54. 54. 7 - 2 Clock & Alarms The Clock & Alarms settings can be accessed from the Home screen or the Settings Menu. 1. On the Home screen, tap the line that displays the time and date OR Tap > Settings > Clock & Alarms, 2. The Clock Settings screen appears. This setting sets the system clock. All scheduled items run according to this setting. Tap the arrow to the right of the time zone to open the drop down menu. Select the appropriate time zone from the menu. Set the correct time and date in the remaining fields and tap OK to save. System Adjusts system settings. See System Menu on page 7-6. Icon Description
  55. 55. 7 - 3 Personal Menu To access the Personal Menu, tap > Settings > Personal. The screen opens displaying the Per- sonal Menu. Buttons The Buttons setting programs certain keyboard buttons to launch applications or execute commands. Icon Description Buttons Program the side buttons to perform specific tasks. See Buttons on page 7-3. Owner Information Enter your contact information (e.g., name, company, address, telephone number and E-mail address). Voice Command Tap this icon to set up items that are voice enabled.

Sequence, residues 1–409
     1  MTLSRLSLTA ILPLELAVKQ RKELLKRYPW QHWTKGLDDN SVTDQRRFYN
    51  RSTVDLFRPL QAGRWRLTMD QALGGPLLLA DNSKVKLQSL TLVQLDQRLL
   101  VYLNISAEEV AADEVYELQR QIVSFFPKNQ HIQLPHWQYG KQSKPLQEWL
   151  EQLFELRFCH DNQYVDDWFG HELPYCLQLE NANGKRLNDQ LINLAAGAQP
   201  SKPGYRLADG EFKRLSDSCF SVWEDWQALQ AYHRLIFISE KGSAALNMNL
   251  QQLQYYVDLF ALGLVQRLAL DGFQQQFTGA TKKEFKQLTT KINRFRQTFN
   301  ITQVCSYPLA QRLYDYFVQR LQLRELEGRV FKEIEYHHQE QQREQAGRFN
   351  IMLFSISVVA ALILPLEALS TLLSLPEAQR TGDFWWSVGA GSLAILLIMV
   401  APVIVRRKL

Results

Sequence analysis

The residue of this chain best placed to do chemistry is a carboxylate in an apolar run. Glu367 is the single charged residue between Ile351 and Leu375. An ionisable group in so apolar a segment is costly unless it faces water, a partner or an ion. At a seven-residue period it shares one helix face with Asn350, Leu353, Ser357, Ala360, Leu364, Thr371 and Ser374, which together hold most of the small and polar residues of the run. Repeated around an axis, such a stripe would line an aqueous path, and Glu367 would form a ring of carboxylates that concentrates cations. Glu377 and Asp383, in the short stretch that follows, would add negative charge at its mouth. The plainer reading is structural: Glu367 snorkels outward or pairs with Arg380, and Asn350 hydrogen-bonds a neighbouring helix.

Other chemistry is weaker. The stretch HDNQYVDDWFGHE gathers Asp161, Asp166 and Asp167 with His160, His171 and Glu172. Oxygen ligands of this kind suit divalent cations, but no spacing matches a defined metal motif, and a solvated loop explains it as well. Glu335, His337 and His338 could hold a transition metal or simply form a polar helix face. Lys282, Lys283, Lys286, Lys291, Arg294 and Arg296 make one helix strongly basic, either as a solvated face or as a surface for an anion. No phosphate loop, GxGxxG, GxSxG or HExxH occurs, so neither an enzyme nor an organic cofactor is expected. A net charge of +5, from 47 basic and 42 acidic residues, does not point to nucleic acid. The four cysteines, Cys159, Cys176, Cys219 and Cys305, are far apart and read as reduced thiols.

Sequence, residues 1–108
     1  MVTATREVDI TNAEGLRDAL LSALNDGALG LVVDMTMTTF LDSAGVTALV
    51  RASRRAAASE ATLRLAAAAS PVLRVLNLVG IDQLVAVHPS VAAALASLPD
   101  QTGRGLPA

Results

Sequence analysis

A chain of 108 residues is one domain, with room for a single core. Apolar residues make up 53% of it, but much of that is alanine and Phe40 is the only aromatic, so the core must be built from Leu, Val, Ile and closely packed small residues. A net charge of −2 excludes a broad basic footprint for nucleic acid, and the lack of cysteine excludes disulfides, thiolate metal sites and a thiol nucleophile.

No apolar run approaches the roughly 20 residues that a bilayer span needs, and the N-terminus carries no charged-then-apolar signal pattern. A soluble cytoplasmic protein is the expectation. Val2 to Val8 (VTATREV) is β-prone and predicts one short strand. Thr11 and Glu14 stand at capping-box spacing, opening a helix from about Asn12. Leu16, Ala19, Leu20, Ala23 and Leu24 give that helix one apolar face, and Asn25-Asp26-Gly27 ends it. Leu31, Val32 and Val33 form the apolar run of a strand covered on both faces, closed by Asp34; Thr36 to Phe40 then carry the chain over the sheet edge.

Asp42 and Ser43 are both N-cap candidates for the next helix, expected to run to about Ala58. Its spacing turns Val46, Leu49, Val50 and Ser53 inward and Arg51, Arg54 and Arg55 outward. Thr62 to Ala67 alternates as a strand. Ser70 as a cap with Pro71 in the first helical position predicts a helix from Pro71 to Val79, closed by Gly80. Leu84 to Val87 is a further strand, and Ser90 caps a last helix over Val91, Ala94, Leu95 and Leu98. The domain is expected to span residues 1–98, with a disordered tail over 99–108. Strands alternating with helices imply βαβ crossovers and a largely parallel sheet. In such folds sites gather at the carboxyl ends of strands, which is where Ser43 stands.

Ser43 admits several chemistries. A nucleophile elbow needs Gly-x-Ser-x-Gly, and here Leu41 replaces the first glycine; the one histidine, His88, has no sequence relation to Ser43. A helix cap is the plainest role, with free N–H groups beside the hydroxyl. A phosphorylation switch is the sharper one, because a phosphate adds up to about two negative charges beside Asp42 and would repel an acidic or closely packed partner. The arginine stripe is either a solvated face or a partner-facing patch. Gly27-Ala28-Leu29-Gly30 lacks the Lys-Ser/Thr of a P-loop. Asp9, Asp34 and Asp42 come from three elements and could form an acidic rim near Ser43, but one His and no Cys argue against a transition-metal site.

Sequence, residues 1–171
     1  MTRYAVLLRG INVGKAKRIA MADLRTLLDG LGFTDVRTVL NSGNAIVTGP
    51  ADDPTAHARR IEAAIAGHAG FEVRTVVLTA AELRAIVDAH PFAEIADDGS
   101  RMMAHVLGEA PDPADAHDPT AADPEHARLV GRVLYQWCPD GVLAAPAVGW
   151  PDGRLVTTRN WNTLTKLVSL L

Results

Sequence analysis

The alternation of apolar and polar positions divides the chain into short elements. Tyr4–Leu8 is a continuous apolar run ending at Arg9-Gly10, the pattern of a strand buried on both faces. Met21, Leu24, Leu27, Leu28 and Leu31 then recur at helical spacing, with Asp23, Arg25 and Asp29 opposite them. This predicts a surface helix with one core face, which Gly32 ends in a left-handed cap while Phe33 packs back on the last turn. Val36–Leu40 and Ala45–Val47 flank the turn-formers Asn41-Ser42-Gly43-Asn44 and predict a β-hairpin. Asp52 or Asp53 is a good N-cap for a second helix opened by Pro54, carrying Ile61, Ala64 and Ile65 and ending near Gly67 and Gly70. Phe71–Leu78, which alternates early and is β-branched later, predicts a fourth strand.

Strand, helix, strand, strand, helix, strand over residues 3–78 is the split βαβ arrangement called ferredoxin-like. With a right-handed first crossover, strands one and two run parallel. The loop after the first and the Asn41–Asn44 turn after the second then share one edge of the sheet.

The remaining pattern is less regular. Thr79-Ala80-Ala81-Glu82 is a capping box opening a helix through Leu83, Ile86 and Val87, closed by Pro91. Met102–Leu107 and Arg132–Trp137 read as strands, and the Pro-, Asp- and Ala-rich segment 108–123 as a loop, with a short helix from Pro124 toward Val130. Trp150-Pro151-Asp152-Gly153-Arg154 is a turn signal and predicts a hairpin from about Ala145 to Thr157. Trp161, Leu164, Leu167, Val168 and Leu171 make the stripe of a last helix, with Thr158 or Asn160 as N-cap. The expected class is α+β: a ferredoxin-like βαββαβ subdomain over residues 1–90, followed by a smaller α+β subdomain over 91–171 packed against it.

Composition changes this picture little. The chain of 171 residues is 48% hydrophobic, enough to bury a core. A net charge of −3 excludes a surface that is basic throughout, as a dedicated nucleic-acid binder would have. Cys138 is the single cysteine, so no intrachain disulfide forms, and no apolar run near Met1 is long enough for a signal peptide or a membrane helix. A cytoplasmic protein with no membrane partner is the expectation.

56. 56. 7 - 4 Changing Button Assignments 1. Tap > Settings > Personal > Buttons . Note: The buttons that appear on this window are the only buttons that can be programmed via the Buttons setting. You cannot add buttons to this window. 2. To change button assignment, tap on the name of the button in the Application Key section, and then select a program or command in the drop down list below the Application Key section. 3. Tap Apply to save. 4. Press the button to verify that the program is launched or action performed. Available Applications The Assign a program list contains the applications installed on the terminal. If there is a program installed that you would like to see in this list, paste a Shortcut to the program in the WindowsStart MenuPrograms folder. For instructions about creating shortcuts, see Using File Explorer on page 7-4. Using File Explorer If you do not see the program listed, you can either use File Explorer to move the program or ActiveSync on the workstation to create a shortcut to the program and place the shortcut in the Start Menu folder. Note: We recommend that you Copy and Paste Shortcut so that you do not alter your program configurations by accident. Using Copy and Paste Shortcut (as opposed to Cut and Paste) ensures that the program files remain where they need to be for the system to find them to perform system functions.